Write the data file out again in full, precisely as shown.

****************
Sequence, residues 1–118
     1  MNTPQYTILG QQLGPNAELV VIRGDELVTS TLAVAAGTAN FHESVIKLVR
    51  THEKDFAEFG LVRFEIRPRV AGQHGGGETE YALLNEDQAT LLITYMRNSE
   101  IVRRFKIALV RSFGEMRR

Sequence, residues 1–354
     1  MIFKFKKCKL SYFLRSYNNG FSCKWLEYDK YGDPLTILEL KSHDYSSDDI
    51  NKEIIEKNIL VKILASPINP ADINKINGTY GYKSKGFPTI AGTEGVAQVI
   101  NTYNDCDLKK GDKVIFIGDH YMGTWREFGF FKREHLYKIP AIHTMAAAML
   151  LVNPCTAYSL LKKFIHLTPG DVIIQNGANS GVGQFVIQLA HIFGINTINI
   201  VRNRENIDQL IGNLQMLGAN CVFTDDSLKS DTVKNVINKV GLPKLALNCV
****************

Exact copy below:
Sequence, residues 1–118
     1  MNTPQYTILG QQLGPNAELV VIRGDELVTS TLAVAAGTAN FHESVIKLVR
    51  THEKDFAEFG LVRFEIRPRV AGQHGGGETE YALLNEDQAT LLITYMRNSE
   101  IVRRFKIALV RSFGEMRR

Sequence, residues 1–354
     1  MIFKFKKCKL SYFLRSYNNG FSCKWLEYDK YGDPLTILEL KSHDYSSDDI
    51  NKEIIEKNIL VKILASPINP ADINKINGTY GYKSKGFPTI AGTEGVAQVI
   101  NTYNDCDLKK GDKVIFIGDH YMGTWREFGF FKREHLYKIP AIHTMAAAML
   151  LVNPCTAYSL LKKFIHLTPG DVIIQNGANS GVGQFVIQLA HIFGINTINI
   201  VRNRENIDQL IGNLQMLGAN CVFTDDSLKS DTVKNVINKV GLPKLALNCV